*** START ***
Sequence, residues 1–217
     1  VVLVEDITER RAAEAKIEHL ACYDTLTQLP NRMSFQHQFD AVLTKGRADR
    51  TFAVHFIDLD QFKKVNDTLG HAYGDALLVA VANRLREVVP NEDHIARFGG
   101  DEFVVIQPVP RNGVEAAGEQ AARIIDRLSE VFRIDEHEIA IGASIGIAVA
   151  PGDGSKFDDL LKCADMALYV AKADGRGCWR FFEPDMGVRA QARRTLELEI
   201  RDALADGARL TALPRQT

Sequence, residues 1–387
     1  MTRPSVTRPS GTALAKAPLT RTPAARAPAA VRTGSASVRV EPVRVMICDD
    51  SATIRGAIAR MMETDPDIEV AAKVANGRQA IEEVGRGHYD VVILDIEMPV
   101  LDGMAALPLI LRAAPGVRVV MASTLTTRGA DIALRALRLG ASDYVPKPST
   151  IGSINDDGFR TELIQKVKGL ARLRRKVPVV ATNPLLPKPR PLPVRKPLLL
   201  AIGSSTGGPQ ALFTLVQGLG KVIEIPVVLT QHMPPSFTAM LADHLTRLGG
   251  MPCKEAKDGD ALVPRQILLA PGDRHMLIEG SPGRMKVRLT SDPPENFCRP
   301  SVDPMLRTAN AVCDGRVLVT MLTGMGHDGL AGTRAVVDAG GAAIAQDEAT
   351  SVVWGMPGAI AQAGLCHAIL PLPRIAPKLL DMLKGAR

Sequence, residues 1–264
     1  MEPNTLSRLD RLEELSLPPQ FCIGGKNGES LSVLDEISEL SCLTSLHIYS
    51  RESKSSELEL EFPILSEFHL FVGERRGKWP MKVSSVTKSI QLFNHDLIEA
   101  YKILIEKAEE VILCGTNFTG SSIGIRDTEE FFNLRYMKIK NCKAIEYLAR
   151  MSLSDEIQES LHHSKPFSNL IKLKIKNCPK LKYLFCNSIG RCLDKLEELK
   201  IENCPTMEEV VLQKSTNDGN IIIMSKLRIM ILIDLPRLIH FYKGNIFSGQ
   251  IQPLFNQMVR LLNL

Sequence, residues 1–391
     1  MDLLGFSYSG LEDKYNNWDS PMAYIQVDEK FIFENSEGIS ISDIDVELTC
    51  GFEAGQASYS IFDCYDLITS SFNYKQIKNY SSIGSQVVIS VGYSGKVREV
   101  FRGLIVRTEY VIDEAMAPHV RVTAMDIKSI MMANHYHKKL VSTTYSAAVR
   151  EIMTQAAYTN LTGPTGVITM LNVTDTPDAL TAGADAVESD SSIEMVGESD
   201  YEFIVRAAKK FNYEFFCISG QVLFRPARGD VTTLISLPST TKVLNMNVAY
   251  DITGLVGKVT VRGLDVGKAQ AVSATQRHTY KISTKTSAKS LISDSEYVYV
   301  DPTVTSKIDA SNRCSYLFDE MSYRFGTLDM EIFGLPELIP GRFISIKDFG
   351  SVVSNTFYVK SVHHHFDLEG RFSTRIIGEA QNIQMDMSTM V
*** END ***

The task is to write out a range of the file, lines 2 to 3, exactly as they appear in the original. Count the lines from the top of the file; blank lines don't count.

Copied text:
     1  VVLVEDITER RAAEAKIEHL ACYDTLTQLP NRMSFQHQFD AVLTKGRADR
    51  TFAVHFIDLD QFKKVNDTLG HAYGDALLVA VANRLREVVP NEDHIARFGG